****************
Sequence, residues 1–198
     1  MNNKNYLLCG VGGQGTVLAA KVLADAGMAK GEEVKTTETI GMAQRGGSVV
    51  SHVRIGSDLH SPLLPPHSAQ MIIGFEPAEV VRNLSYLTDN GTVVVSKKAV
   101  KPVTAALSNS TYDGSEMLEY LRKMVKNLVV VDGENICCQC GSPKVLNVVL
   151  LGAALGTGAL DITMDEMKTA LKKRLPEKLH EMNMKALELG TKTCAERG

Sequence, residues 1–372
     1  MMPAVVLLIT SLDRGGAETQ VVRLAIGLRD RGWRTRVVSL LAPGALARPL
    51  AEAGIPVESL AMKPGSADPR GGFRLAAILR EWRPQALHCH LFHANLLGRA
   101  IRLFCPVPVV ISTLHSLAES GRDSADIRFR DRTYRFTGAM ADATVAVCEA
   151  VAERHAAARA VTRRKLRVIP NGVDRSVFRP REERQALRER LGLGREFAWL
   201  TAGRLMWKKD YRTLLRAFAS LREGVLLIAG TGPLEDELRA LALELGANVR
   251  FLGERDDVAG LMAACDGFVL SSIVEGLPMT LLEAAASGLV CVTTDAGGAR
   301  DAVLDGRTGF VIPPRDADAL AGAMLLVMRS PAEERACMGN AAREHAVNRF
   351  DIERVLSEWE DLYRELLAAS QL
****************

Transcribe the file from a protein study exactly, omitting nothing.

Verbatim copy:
Sequence, residues 1–198
     1  MNNKNYLLCG VGGQGTVLAA KVLADAGMAK GEEVKTTETI GMAQRGGSVV
    51  SHVRIGSDLH SPLLPPHSAQ MIIGFEPAEV VRNLSYLTDN GTVVVSKKAV
   101  KPVTAALSNS TYDGSEMLEY LRKMVKNLVV VDGENICCQC GSPKVLNVVL
   151  LGAALGTGAL DITMDEMKTA LKKRLPEKLH EMNMKALELG TKTCAERG

Sequence, residues 1–372
     1  MMPAVVLLIT SLDRGGAETQ VVRLAIGLRD RGWRTRVVSL LAPGALARPL
    51  AEAGIPVESL AMKPGSADPR GGFRLAAILR EWRPQALHCH LFHANLLGRA
   101  IRLFCPVPVV ISTLHSLAES GRDSADIRFR DRTYRFTGAM ADATVAVCEA
   151  VAERHAAARA VTRRKLRVIP NGVDRSVFRP REERQALRER LGLGREFAWL
   201  TAGRLMWKKD YRTLLRAFAS LREGVLLIAG TGPLEDELRA LALELGANVR
   251  FLGERDDVAG LMAACDGFVL SSIVEGLPMT LLEAAASGLV CVTTDAGGAR
   301  DAVLDGRTGF VIPPRDADAL AGAMLLVMRS PAEERACMGN AAREHAVNRF
   351  DIERVLSEWE DLYRELLAAS QL